Because Smoke-Craft failed to raise before the arbitrator both the question of the propriety of the Steelworkers' individual representation of the aggrieved employees and the question whether a settlement had been reached, we cannot countenance these claims on appeal. See Kodiak Oil Field Haulers, Inc. v. Teamsters Union Local No. 959, 611 F.2d 1286, 1290 (9th Cir. 1980) (failure to object to arbitrator's bias in arbitration proceeding waived issue). Smoke-Craft had an affirmative obligation to present to the arbitrator any arguments why the arbitration should not proceed. Parties to arbitration proceedings cannot sit idle while an arbitration decision is rendered and then, if the decision is adverse, seek to attack the award collaterally on grounds not raised before the arbitrator. See Cook Industries, Inc. v. C. Itoh & Co. (America) Inc., 449 F.2d 106, 107-08 (2d Cir. 1971), cert. denied, 405 U.S. 921, 92 S. Ct. 957, 30 L. Ed. 2d 792 (1972). To rule otherwise would be to thwart the national labor policy of encouraging the expeditious private arbitration of labor disputes without resort to the courts. Mogge v. District 8, International Association of Machinists, 454 F.2d 510, 513 (7th Cir. 1971); see generally United Steelworkers of America v. Enterprise Wheel & Car Corp., 363 U.S. 593, 596-97, 80 S. Ct. 1358, 1360-61, 4 L. Ed. 2d 1424 (1960).

Smoke-Craft also contends that the district court erred in holding that the Steelworkers union was "a party to the arbitration' within the meaning of the Federal Arbitration Act, 9 U.S.C. § 9, with standing to seek confirmation of the arbitration award.

Procedural questions growing out of a dispute properly submitted to arbitration are for the arbitrator to decide. Hotel and Restaurant Employees and Bartenders Int. Union v. Michelson's Food Services, Inc., 545 F.2d 1248, 1252 (9th Cir. 1976); Bealmer v. Texaco, Incorporated, 427 F.2d 885, 887 (9th Cir. 1970); Ass'n of Industrial Scientists v. Shell Development Co., 348 F.2d 385, 389 (9th Cir. 1965). Whether the Steelworkers had standing as a party to the arbitration to proceed with that arbitration, which had been properly commenced, was a procedural matter for the determination of the arbitrator. Smoke-Craft raised no objection to the standing of Steelworkers to proceed with the arbitration. The award of the arbitrator was an implicit finding of such standing. Having failed to raise any objection to the Steelworkers' standing to proceed as "a party to the arbitration" in the arbitration proceeding, Smoke-Craft cannot, at this stage, be heard to assert that the Steelworkers union lacks standing as a "party to the arbitration" entitled to seek confirmation of the arbitration award in district court.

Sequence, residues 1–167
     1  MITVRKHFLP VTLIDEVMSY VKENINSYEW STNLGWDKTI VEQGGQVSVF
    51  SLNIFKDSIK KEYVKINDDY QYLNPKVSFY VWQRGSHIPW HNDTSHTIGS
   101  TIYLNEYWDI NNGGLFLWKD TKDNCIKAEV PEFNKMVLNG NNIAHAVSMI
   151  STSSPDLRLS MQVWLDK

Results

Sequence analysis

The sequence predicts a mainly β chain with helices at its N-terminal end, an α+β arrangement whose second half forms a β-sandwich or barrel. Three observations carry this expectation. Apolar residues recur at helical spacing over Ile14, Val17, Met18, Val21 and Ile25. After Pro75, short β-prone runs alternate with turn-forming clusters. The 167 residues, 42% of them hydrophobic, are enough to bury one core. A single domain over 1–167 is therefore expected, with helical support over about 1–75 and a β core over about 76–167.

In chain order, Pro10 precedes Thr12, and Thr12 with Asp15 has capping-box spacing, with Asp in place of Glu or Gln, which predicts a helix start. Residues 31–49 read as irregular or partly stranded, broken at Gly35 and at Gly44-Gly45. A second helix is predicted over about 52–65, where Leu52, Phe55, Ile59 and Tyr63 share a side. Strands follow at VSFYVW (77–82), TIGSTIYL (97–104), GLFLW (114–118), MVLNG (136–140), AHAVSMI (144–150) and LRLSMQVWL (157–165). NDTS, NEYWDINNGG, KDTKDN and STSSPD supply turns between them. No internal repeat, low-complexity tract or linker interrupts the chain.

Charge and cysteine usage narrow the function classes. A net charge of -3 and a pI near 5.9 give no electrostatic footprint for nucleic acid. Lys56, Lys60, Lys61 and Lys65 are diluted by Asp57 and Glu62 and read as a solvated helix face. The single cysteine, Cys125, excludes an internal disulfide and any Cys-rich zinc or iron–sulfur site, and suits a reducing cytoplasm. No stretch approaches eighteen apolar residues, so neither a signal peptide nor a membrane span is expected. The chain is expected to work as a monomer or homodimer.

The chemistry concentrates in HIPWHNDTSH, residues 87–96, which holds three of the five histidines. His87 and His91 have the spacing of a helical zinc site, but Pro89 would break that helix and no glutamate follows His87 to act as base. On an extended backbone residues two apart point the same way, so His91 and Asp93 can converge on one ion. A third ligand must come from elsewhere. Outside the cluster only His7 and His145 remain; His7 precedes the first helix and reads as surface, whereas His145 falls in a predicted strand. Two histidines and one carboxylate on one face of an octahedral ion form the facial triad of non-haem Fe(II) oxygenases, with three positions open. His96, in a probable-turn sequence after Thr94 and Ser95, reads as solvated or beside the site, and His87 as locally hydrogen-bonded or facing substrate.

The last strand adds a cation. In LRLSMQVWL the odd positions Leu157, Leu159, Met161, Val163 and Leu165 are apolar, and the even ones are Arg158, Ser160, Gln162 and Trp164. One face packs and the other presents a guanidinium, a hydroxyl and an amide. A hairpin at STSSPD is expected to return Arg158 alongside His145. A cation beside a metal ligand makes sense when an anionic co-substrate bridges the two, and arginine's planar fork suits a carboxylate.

The Steelworkers had a clear duty to continue to represent all Smoke-Craft employees in the grievance arbitration; they had the tacit approval of the Meat Cutters to do so; their standing to proceed was implicit in the arbitrator's award and was not contested by Smoke-Craft; and they therefore had the necessary standing in the district court to secure confirmation of the arbitral award.

The summary judgment of the district court for the Steelworkers is AFFIRMED.


The Honorable Francis L. Van Dusen, Senior United States Circuit Judge for the Third Circuit, sitting by designation


A letter to the arbitrator from Mike Dye, the representative of both the Meat Cutters and the Steelworkers, stated that the parties "have decided to hold off filing any formal briefs ... because of a possible settlement. Please defer any decision on this case until they have had a chance to work on the possible settlement."


The letter disclosed that the Steelworkers were no longer interested in the joint bargaining representation arrangement with the Meat Cutters. The Meat Cutters, however, had indicated earlier, in a letter from Mike Dye (representing the Meat Cutters) to Wayne Anderson (representing the Steelworkers) dated March 17, 1976, that they were willing to have the Steelworkers proceed with the grievance


See footnote 1


The Meat Cutters had at least tacitly approved the Steelworkers' unilateral representation of the aggrieved employees in the continued arbitration proceedings. See note 2 supra. There is no evidence in the record of any actual conflict between the unions on the issue of continued representation, including the right to bring a confirmation action, and even if there had been such a conflict, the arbitration proceeding was the correct forum for its resolution